DA faces public violence claims
Cape Town - New allegations have emerged in an eight-year-old case, now under fresh police investigation, that DA politicians orchestrated public violence to try to unseat the ANC in a southern Cape municipality.
Although the initial probe into these allegations found they were not substantiated, Independent Media has established that police recently asked top politicians, including Transport and Public Works MEC Donald Grant and Bitou Municipality mayor Memory Booysen, to provide them with information.
It has emerged that Brummer is now also embroiled in allegations relating to murder, corruption and drug dealing.
Chad Thomas, of IRS Forensic Investigations, who is probing several criminal cases, said: “I can confirm that Brummer is a person of interest in the sedition case along with several very senior provincial politicians and public office bearers.
This week Brummer and Booysen brushed off the allegations, denying involvement in any crimes.
Grant said he was “not losing any sleep” over the matter.
The basis of the police probe stems from 2007, when there was unrest in parts of the then-ANC-led Bitou Municipality.
During the outbreaks of violence, councillors were intimidated, their homes were burned, and council property was illegally occupied.
A sedition complaint was lodged with local police by attorney Hardy Mills, who represents a Plettenberg Bay civil rights organisation, the Justice and Equality Front.
Police previously probed the sedition case, but last year the National Prosecuting Authority announced it would not proceed with prosecuting anyone, because, among other things, the allegations were vague.
Independent Media understands that the docket was then closed, but more recently reopened for further investigation.
This week, Southern Cape police spokeswoman Captain Bernadine Steyn confirmed the sedition case was being probed. “We are not in the position to elaborate,” she said.
An affidavit, by a resident from a Plettenberg Bay informal settlement and obtained by Independent Media, details how politicians allegedly went about plotting the unrest. It said that about nine years ago there had been a sit-in at the municipality. About 19 people, including Brummer, were arrested.
“In the cells at the Knysna police station, a committee was formed which was led by Brummer. The committee was called the Anti-Corruption Campaign Committee.
“I was not arrested at that stage, because I was left purposefully outside to arrange things on the outside and to keep the momentum,” the affidavit said.
It said the campaign was “a front formed by” South African National Civic Organisation (Sanco) mem-bers and others, including ratepayers.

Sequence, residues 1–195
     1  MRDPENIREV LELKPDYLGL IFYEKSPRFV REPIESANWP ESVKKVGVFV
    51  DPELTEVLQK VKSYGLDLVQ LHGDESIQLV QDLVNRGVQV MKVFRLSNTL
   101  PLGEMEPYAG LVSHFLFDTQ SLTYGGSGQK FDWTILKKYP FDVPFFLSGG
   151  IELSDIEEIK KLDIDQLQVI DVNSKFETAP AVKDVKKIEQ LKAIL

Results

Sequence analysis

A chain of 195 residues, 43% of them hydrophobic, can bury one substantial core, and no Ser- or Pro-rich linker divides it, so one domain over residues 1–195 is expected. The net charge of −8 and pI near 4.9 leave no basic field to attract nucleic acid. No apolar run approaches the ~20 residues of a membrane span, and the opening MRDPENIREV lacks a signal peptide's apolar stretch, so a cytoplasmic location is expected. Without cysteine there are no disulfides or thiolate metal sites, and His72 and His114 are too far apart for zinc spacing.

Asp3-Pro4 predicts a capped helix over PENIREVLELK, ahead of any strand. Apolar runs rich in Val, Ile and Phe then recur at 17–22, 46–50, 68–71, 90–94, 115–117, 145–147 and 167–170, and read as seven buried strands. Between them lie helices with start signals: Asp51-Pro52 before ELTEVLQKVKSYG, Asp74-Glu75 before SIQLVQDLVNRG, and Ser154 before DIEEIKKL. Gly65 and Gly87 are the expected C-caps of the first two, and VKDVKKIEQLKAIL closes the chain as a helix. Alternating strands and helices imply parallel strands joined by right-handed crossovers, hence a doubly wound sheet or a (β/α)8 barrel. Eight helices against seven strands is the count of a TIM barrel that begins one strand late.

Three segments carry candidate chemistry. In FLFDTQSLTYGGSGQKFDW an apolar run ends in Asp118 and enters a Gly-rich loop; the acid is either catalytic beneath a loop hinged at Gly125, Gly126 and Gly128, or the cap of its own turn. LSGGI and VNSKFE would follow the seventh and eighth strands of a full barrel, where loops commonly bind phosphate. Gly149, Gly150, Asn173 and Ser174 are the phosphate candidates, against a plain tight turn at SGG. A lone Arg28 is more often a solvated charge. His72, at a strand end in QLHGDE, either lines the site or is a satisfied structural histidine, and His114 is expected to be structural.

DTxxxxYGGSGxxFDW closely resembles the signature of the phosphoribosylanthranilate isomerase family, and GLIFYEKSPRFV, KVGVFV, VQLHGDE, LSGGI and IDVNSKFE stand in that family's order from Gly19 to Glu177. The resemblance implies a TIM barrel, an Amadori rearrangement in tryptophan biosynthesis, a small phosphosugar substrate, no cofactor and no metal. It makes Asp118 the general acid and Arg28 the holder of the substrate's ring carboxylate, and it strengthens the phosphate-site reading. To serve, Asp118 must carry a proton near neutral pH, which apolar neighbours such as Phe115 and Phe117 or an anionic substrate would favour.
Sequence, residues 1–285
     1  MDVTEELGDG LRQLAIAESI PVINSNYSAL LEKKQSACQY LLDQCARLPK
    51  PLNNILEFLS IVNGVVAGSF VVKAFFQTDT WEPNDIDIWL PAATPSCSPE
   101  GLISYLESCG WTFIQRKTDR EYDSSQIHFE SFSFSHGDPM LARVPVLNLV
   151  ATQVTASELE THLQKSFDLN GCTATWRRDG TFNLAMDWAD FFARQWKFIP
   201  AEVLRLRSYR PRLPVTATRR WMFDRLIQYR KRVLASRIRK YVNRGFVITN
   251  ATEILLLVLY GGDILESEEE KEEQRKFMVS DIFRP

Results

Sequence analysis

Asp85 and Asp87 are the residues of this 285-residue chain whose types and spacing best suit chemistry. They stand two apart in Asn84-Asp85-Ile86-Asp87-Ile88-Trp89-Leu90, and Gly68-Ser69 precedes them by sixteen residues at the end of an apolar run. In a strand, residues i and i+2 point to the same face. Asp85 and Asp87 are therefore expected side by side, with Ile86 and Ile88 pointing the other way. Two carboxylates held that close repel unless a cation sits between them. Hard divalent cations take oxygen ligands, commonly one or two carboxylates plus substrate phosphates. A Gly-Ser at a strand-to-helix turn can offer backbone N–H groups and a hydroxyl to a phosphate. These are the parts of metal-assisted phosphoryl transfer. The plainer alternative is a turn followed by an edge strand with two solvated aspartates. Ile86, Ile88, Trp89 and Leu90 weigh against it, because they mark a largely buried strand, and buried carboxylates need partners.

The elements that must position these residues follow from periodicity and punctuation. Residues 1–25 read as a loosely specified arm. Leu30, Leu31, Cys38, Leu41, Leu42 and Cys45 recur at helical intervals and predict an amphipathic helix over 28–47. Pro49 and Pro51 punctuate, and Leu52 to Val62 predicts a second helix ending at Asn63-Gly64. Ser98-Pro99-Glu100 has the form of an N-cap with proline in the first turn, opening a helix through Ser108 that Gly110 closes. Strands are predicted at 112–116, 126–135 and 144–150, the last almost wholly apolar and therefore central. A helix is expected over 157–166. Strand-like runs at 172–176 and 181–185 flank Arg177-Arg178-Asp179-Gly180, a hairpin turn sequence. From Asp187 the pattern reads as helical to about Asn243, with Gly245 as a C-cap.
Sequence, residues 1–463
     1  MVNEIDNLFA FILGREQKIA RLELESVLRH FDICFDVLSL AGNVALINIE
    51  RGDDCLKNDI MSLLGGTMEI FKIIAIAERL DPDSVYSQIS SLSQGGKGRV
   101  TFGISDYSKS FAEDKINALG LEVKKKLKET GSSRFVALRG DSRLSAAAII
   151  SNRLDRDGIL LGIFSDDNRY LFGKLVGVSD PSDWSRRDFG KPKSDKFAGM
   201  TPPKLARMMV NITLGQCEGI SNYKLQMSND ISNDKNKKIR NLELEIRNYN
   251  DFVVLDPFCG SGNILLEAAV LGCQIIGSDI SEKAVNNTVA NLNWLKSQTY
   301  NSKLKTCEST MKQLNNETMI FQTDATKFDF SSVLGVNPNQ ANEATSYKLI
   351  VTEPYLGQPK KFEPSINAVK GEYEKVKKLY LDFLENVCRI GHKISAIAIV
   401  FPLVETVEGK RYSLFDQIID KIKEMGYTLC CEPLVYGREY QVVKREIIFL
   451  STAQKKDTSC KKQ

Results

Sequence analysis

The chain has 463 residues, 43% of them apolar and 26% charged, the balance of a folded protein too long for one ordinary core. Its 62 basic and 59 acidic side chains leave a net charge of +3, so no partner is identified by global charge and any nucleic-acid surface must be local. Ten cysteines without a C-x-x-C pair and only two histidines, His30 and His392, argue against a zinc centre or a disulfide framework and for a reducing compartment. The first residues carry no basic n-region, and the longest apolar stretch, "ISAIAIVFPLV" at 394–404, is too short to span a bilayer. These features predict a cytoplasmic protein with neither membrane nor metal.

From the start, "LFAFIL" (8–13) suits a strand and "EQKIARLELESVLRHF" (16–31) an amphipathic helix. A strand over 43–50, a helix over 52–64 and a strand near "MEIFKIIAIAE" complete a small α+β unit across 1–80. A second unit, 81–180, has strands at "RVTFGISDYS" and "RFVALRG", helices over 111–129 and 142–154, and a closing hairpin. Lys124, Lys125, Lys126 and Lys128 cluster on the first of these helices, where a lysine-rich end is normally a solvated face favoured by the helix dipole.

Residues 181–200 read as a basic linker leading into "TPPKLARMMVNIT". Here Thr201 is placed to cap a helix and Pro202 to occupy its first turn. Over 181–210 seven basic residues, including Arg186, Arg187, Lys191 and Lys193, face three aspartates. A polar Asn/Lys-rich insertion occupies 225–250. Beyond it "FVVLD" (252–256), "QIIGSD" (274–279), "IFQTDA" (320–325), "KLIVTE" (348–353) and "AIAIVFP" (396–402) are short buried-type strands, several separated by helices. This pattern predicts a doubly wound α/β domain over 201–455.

The affidavit said three groups were involved in the matter – the Anti-Corruption Campaign Committee, Sanco and another group named Igumcedle.
“There was several unrest in the Bitou area orcastrated by these groups. Memory was organising the fundings for these groups, with Brummer and they were all times fully aware and part of all the strategies of civil unrest in order to make the town ungovernable and further more arranging resources to achieve these goals.”
The resident’s affidavit said he received about R4 000 from Brummer to fund the Anti-Corruption Campaign and other campaigns.
He said their first meeting was at Brummer’s home.
“The discussion was about exposing the corruption with the campaign. The aim was to get the people to think for themselves in order to undermine and get rid of the ANC-led council.
“The aim was through disrupted campaigns and civil unrest to make the town ungovernable.”
This week Brummer and Booysen rubbished the allegations, with both saying Mills, who had lodged the sedition complaint, was behind a campaign to settle scores with them.
Booysen said the revived police investigation was “a waste of State resources”.
Late last year police had approached him for information, which he had provided.
Booysen was previously expelled from the ANC – a 2007 press release from the party said it was because Booysen “did not carry out the instructions of the ANC in council.”
He then became an independent councillor representing the civil organisation Qina Mhlali Qina (QMQ), which he said had worked with the DA.
“I established QMQ. I had all the rights to fundraise. Donald (Grant) assisted me. It had nothing to do with riots,” Booysen said this week.
He went on to become a DA mayoral candidate and in 2011 became Bitou mayor.
Booysen said that, as mayor, he had relieved Mills, who was working for the municipality, of his duties to cut back on expenses.
“He’s now got an axe to grind with me,” Booysen said.
Brummer, who was previously dismissed from the DA for allegedly owing the party fees – a claim he disputed – accused Mills of working for the ANC and of pushing the sedition case against him as an act of revenge.
Brummer said his friends had brought damages claims against those making “defamatory statements” against him.